…The most important thing to me as far as preserving rural lands and everybody understands the importance of preservation, for environmental reasons, for ecological reasons, for cultural heritage reasons, for agricultural heritage reasons. I think it comes down to economic vitality … to make rural living economically sustainable again. … I’ve talked with hundreds of farmers as I’ve been walking around knocking on doors, small farmers, bigger farmers, and they don’t want to develop their land. They don’t sit around thinking I want my retirement plan to be selling my land to a developer … Again, that goes back to partnerships with the City and UVA.
If we can get UVA to buy local food, if we could have a requirement that a certain portion of the County school system’s food comes from local sources, if we can tweak our bed and breakfast rules, if we can essentially find ways to make rural economic development and job creation sort of front and center as far as the County’s agenda goes, I think you’ll see a lot of people saying, well, you know what, I can afford to put my land in conservation easement now or you know what, I’m going to turn my farm over to my son who before knew he couldn’t make a living off of it, but now he knows he can. He knows that the opportunities are there and then suddenly that pressure to develop, that pressure to destroy those really important lands sort of evaporates.
Jim Norwood (R) – Open Seat
Well I think that one of the most interesting figures that I’ve recently been advised of is that we have 550 producing farms in this county. Agriculture’s, second to education, is a major, if not the major economic driver. And we need to pay more attention to the small farmer and overall farming in general, especially in southern Albemarle where we have a predominance of large farms. How do we help them I think we have to provide education to them, I think we need to be in a position to work with the farmers, to help them improve their productivity. And I strongly believe that the vineyards and wineries are a part of that agricultural expansion and I think that we need to also support them in a major way.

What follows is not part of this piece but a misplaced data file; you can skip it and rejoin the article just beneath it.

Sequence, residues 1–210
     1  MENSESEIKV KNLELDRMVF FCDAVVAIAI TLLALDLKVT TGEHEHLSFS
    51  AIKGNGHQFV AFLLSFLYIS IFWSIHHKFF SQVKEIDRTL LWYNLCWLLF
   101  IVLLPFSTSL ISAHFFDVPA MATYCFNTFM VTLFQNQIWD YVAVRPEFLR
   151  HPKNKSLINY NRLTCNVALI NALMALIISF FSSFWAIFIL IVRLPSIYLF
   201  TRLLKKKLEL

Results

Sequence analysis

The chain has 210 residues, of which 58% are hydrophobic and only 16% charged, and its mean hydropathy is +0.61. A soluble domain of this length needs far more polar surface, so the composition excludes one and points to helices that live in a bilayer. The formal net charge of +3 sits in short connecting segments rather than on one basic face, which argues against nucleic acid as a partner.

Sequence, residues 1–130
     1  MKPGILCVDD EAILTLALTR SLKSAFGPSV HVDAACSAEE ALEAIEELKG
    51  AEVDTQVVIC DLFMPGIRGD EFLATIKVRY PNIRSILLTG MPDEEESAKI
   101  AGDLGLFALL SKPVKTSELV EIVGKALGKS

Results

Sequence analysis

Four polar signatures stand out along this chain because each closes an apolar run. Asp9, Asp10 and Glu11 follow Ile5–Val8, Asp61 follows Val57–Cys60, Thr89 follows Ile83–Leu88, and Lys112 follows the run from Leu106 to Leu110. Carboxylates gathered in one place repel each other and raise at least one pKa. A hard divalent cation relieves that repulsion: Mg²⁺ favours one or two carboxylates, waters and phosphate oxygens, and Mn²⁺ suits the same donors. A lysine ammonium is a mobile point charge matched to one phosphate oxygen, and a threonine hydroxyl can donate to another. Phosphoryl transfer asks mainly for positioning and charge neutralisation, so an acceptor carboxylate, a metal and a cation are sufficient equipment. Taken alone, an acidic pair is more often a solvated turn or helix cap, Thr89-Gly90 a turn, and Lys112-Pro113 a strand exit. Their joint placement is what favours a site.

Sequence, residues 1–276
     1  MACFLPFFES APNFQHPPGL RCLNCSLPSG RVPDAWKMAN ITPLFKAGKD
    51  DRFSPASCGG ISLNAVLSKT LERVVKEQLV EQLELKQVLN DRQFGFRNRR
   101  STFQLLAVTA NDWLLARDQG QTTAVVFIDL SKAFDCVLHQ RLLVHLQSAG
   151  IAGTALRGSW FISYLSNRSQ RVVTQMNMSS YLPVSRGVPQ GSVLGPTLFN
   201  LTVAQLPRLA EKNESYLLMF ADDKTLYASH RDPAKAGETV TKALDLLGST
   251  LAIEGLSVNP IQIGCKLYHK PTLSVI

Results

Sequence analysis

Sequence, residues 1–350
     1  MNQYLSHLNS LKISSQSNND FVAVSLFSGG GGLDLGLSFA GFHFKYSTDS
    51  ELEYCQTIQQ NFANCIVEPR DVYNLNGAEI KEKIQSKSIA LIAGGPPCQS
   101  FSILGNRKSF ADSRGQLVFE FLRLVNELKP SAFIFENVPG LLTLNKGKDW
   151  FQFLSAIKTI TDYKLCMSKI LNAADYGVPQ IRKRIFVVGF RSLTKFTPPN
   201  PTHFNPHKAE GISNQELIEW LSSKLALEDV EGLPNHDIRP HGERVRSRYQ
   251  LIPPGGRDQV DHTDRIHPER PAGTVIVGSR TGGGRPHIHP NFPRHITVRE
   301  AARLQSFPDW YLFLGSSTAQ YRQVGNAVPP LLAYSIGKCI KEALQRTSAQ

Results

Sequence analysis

White Hall District
Ann Mallek (D) – Incumbent
Well that is something we have – rural area protection has had some successes and some… sidesteps. Put it that way. The 1980 downzoning changed lot sizes in Albemarle County – the minimums – from two-acre lots to 20 acre minimums in the rural area, with five two-acre lot exceptions per parcel. The reasoning was to reduce the numbers of homes and their associated impacts in the watershed of the South Fork Rivanna reservoir. This admirable goal was to prevent erosion and pollution, which would degrade and shorten the life of the reservoir.
The agricultural character and the scenic beauty of Albemarle County have been important values for the huge majority of county residents for generations. The county has protected this character more from encouraging successful farming than it has with regulation changes. The land use program and the acquisition of conservation easements, or ACE program, are two of those tools. Improvements to the driveway regulations were passed to require more careful design of roads on steep slopes. Increases in the stream buffer and stream crossing requirements also reduced permanent cover disturbance and erosion.
The decisions of the Board of Supervisors on rural area protection over the last four years have been moderate, taking into consideration the effects of proposed changes on the rural land owners, new and longtime, those with small holdings and those with large ones. So we did not take dramatic steps to make sweeping changes but have been working on baby steps as a way to keep that – make changes that will stick.